Hi, I'm not a great cake decorator- I've never even taken a class! But I enjoy messing around and working on cakes for my kids and for holiday's, ect. Anyway, I was wondering if anyone could give me any tips- My son is having a pirate themed birthday in December and I'm already thinking ahead. I've looked through dozens of pirate themed cakes on here and they are all so cool. I seem to really like the fondant ones that are round pirate faces, but I've never used fondant before. I've only seen the smaller packages at Michaels Craft store of Wilton's Fondant. Could anyone give me some tips or any advice for working with fontant, or even HOW-TO help?? I'm open to anything & any ideas! (Even non-fondant cakes!) Thank you so much Happy Baking!
Here's a link to a you tube video I think does a really good job of explaining it.
There are variations of course (some people use cornstarch instead of powdered sugar etc.) but for the most part, the set up and walk through they give is solid.
Pay close attention to the last minute of the video especially. They do a wonderful job of explaining and showing how to get the fondant smoothed out from top to bottom so you don't have any gathering or puckering around the bottom of the cake. I wish I had had this video when I did my first fondant covered cake. I really struggled with getting it flat around the bottom. But once I learned to lift UP the excess and tuck it with the other hand AS I LIFTED, it was much easier! Hope you find this helpful.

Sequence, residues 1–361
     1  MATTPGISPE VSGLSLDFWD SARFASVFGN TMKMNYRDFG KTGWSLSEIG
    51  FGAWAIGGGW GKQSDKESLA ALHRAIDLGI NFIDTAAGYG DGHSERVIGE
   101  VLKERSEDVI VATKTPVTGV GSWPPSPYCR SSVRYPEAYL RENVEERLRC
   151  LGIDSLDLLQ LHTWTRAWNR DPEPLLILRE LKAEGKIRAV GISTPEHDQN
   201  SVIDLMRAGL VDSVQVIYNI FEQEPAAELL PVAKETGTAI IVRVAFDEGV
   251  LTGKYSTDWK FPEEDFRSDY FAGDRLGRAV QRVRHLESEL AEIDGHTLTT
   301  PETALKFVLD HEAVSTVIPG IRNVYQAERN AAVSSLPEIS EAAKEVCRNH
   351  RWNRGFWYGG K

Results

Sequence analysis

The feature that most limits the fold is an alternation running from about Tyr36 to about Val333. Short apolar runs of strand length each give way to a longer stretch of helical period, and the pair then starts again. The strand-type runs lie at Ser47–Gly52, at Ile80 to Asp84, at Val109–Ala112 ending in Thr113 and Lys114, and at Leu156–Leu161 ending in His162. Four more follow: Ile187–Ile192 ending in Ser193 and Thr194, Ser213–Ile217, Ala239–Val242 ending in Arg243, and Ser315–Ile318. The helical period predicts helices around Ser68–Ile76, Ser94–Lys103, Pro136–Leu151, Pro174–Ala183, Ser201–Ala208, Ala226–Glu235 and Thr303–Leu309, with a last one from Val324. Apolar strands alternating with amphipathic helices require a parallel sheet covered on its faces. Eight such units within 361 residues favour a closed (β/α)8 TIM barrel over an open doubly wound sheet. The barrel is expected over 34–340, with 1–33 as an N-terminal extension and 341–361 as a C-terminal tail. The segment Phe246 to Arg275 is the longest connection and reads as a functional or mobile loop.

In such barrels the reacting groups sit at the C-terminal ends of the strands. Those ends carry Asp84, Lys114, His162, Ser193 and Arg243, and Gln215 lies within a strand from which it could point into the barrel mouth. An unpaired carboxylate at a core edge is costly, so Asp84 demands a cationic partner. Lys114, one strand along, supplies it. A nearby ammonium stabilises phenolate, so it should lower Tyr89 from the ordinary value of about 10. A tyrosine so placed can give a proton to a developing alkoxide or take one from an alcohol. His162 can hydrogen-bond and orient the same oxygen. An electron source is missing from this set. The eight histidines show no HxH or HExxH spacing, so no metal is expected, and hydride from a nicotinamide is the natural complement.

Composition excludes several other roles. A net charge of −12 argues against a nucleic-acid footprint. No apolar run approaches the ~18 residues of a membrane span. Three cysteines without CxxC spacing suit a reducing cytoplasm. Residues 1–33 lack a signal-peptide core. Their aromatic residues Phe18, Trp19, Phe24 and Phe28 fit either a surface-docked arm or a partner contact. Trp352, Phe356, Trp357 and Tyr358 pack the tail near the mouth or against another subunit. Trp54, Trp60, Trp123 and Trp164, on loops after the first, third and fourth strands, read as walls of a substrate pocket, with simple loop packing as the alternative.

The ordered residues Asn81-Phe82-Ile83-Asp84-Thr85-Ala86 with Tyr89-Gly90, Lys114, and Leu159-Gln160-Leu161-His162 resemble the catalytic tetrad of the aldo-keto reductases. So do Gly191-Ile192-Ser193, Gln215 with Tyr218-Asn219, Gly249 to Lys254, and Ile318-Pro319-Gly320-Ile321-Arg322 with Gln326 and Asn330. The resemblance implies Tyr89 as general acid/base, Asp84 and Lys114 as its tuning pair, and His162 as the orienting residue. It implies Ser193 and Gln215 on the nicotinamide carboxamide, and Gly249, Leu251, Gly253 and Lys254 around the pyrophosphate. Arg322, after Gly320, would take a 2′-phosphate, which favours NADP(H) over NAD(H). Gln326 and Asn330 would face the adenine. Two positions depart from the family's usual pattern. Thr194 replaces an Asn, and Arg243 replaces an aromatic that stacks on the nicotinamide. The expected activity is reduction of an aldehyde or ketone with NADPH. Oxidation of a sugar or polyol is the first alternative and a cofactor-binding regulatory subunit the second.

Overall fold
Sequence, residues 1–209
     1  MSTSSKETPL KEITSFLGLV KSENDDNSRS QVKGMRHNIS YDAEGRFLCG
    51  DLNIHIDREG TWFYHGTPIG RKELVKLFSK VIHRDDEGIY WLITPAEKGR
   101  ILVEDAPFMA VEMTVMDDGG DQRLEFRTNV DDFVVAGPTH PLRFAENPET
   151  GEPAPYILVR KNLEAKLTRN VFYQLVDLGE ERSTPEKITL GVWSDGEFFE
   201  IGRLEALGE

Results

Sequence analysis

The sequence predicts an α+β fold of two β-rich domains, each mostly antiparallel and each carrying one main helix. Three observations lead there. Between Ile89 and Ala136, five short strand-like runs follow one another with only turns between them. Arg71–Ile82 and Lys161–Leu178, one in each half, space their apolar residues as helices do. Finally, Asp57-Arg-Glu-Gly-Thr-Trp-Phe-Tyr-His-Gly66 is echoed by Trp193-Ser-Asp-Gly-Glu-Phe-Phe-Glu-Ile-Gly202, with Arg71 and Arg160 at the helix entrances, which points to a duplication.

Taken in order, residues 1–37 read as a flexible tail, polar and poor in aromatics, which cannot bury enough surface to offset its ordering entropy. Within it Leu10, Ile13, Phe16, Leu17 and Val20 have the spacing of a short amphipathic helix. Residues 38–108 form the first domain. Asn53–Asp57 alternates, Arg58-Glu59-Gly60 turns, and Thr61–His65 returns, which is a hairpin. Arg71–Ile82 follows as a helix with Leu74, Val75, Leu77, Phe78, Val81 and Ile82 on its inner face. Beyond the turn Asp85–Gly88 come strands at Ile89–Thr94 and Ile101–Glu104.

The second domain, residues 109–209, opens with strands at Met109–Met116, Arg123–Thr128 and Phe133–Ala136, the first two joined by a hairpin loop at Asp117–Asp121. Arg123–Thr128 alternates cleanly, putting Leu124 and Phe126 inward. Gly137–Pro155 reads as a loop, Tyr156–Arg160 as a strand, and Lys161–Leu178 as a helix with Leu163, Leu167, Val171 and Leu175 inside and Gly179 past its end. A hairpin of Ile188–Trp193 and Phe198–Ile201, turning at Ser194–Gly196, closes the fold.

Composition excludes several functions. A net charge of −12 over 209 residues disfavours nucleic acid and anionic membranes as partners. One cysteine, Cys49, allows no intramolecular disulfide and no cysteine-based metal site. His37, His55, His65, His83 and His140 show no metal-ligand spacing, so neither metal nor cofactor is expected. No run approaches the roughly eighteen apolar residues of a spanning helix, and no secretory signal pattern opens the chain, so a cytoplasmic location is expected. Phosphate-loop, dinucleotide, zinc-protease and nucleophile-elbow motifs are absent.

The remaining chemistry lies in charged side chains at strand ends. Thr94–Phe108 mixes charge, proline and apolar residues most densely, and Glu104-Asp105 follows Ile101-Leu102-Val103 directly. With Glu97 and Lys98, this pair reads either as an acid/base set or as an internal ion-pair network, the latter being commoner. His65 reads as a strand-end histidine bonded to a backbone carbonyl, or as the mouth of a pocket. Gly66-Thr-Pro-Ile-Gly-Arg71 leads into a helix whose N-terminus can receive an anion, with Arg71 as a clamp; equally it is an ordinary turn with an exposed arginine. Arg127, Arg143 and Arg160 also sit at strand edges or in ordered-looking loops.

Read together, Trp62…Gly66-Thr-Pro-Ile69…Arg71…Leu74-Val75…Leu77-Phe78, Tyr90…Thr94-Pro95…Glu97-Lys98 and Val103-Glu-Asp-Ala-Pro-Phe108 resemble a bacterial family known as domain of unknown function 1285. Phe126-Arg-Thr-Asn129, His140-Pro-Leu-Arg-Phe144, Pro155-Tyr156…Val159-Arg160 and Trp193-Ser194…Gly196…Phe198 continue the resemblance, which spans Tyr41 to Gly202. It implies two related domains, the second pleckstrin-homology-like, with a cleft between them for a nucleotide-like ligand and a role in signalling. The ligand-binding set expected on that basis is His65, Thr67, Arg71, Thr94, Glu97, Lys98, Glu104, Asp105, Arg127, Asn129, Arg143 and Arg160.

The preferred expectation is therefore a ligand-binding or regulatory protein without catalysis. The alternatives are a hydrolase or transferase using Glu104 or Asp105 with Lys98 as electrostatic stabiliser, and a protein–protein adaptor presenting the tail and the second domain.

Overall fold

hi there I have did the rund pirate face it was one of my first cakes (like you no training.) it was really easy to do. fondant is great t work with. Break it dwn into section its is not hard. just ask if you want any more info
Working with fondant is a lot like playing with modeling clay, so if you've ever messed around with Fimo or Sculpey, you're good to go. It can be a lot of fun to do and really isn't that hard.
Making fondant "accents" by sculpting with your hands or using a cookie cutter is a bit easier to start with than covering a whole cake, but even covering isn't too tough if you start with a relatively small cake. You do need to know how to use a rolling pin; if you never learned to roll out cookie dough or piecrust evenly, do some practicing before you start on the actual cake.
Wilton has a softcover book (looks almost like a magazine) called something like Celebrate with Fondant, and it covers the basic techniques pretty well. You should be able to find it at Michaels. You can buy the fondant pre-made, so that all you need to learn is how to work with it, or you can jump right into the deep end and make your own. You can judge your own level of confidence with that sort of thing.
Only advice is use the Wilton fondant to practice with. NEVER EVER use it on a cake that someone will eat. It smells and tastes like dirty plastic.
Oh and just practice with it and play with it. You will figure it out.
Supposedly Wilton has changed their fondant recipe and now it doesn't taste awful.
I have yet to test this, because I've learned how to make MMF and I'm much happier with that because it's cheaper and more convenient anyway. But using the Wilton (or really any premade fondant) is a good way to start. At least that way when you start making your own you know what it's supposed to feel like.